Everyone at the run instantly made me comfortable and ready to tackle this race. I made my way to the start line and looked for my running boo, Dawn, who had agreed to pace me. While waiting for the race to start, it began to rain. I hate running in the rain! I remember hearing Dawn say, “Slow and steady wins the race." As we ran she would periodically ask me how I was doing and I would respond by saying “Okay”. I was so out of shape I  barely muttered a few words at a time while running.

At times I felt like my heart beat was louder than her voice. My lungs were weak and I could tell because my breathing was not controlled. I knew if I wanted to finish this race strong I had to focus. On various corners of the race there were volunteers and spectators cheering us on, smiling and ringing cow bells with excitement. It lifted my spirits to have so much support from the community and runners alike.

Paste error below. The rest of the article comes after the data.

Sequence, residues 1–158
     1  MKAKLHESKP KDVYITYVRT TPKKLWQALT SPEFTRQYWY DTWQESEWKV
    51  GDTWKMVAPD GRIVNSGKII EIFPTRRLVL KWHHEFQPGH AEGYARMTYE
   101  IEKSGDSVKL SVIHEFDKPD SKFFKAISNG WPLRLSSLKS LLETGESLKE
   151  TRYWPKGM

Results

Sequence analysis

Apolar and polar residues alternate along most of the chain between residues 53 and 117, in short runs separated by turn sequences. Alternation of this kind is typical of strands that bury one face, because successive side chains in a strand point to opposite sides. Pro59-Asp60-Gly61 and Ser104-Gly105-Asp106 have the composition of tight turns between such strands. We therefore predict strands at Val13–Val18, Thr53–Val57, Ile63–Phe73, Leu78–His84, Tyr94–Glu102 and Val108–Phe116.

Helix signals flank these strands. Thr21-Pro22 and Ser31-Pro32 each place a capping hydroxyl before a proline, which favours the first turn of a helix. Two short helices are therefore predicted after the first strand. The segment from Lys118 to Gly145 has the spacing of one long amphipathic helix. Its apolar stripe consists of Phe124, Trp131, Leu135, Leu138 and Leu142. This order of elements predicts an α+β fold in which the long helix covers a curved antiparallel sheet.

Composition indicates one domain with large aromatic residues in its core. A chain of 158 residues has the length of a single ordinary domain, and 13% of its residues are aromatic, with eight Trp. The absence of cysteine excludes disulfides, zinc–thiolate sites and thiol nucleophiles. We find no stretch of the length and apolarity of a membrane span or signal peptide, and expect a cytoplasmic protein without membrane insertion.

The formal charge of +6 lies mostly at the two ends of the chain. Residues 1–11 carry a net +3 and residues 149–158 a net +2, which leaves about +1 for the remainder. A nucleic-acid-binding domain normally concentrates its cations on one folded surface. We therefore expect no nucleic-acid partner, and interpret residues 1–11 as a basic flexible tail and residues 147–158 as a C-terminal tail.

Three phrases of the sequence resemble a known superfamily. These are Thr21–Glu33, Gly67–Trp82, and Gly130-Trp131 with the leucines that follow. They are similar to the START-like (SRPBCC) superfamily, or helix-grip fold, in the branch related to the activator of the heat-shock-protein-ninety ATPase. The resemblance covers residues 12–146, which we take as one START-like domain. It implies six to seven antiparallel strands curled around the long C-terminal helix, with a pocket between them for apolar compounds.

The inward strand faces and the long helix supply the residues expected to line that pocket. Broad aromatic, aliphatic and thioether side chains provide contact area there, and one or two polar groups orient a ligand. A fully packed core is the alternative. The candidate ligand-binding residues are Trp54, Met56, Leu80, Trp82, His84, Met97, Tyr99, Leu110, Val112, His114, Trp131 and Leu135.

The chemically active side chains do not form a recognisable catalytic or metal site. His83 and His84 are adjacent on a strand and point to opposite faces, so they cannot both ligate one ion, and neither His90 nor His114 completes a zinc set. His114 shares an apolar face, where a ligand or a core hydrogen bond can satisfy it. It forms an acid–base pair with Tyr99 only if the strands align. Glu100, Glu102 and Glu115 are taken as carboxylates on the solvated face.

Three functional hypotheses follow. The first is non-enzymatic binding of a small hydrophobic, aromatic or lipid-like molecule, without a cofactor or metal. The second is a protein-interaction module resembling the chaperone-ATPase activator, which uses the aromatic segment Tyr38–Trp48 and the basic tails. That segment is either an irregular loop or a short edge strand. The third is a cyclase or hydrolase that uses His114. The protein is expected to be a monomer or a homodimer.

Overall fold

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Being a running nursing mother has its challenges. It’s far from and easy and most people don’t understand it if they have not had to experience it first-hand. I’ve had to pump in bathrooms stalls, cars, storage closets, on public transportation and anywhere else when duty calls.

What has helped me through this challenging time is the love and support I constantly receive from family, friends and sometimes even strangers. A few weeks ago, I was volunteering with New York Road Runners and met another volunteer who had recently started running.  I excused myself as it was time to express milk and she asked if she could come with me and keep me company. Her simple gesture made that moment pumping in Central Park so much easier. I thanked her over and over again as we walked over to the park benches.